Every year, when winter is almost at its peak, a house grows in a clearing in the old wood. Fuelled by the frost and sun, the tangle of branches sprouting from its roof glisten in the cold air. And every year, a spirit of the wood grows within it too. A creature whose responsibility it is to ensure that the guardian of winter is able to rest well for the following seasons, and that his sister has all she needs for her period of guardianship over the coming spring.
I’ve released another free to play browser game on itch.io, called Sister Spring, Brother Winter. It’s a 3D interactive winter folktale about the changing of the seasons – collect pieces of the fallen sun to help Sister Spring wake the world.
It features a 3D style that gives a nod to the ZX-Spectrum of the early 1980s, including games such as Jepac and Atic Atac.
I used 3D Bitsy to create it – I just find it so fun and easy to create little narrative games using this game making tool. 3D Bitsy is made by aloelazoe, which is built on Adam Le Doux’s Bitsy.
Today’s the day. The LGBTQ+ Positive Voices online exhibition has launched in time for Pride Month. I’m so pleased to be able to open it up and share all the inspiring and wonderful contributions from the 26 artists and creators from around the world who chose to get involved. 💖
The following pages feature on the site:
About – list of creators, thanks, background to the exhibition.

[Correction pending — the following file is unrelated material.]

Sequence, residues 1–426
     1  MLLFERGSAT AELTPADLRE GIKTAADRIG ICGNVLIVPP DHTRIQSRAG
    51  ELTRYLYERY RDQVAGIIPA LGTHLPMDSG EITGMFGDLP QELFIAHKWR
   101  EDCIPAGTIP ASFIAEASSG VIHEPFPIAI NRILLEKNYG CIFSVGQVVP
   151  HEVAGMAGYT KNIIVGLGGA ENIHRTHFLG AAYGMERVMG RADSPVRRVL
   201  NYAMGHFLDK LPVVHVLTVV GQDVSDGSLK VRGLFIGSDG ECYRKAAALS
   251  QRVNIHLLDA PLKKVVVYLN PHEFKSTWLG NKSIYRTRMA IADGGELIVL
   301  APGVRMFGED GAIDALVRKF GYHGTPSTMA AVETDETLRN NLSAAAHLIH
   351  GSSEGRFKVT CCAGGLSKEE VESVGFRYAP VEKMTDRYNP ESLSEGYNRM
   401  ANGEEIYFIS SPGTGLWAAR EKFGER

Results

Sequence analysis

Support Page – I realise some of the pieces in the exhibition may generate difficult feelings for some people. So, it was important for me to direct them to professional organisations who can give them support and advice if they need it.
Artists pages – an individual page for each of the wonderful contributions from each of the artists and creators.
Earlier this year, I put out a call for LGBTQ+ artists and creatives, inviting them to contribute to an online exhibition, which would be a celebration of their positive experiences, lives and perspectives. Thanks to everyone who shared this open call, the response was inspirational, and as a result the LGBTQ+ Positive Voices online exhibition has been created.
The creators included in this exhibition are Ana Iribas Rudín; AnimaeNoctis (Silvia Marcantoni Taddei & Massimo Sannelli); April Winter; Bryony Mair; Caren Jo Shapiro; Charmaine Chapman; Ethan Moss; Frankie; Geoffrey Doig-Marx (GDM); Giridhar Raghunathan; Guillermo “Wildo” Zayas IV; Jeremy Martin; Anonymous; Konrad Natthagel; Kryštof Novotný; Leon Clowes; Linhtropy; Naomi; Paty Rodríguez; Poppy Ash; Rik Versteeg; Robin Swift; Rufus Isabel Elliot; Salome Zhvania; Stefani J Alvarez; Terry Gregoraschuk.
This celebratory exhibition includes videos, dance performance pieces, paintings, digital artworks, audio pieces and games. They represent a broad spectrum of sexual and gender identities from 26 fantastic artists and creative contributors from around the world. I am very proud to be able to share these unique personal perspectives. The range of creative pieces and art in the exhibition is wonderful. And each share a short unique thought-provoking and often emotional personal story alongside them that is a positive reflection of being an LGBTQ+ person.
I’ve blogged over on the British Library Digital Scholarship blog about the Games in the Woods game jam I’m involved in from 15th – 23rd May. It’s a woodland, tree, forest themed game jam being run as part of the Urban Tree Festival. The blog post specifically highlights one of my favourite narrative game making tools, Bitsy, as I’ll be running a free online session featuring it for the launch of the jam on Saturday 15th May. I especially enjoy using Bitsy as it allows people who aren’t programmers to make little retro style games. So, why not get involved in the jam and make your first game with Bitsy?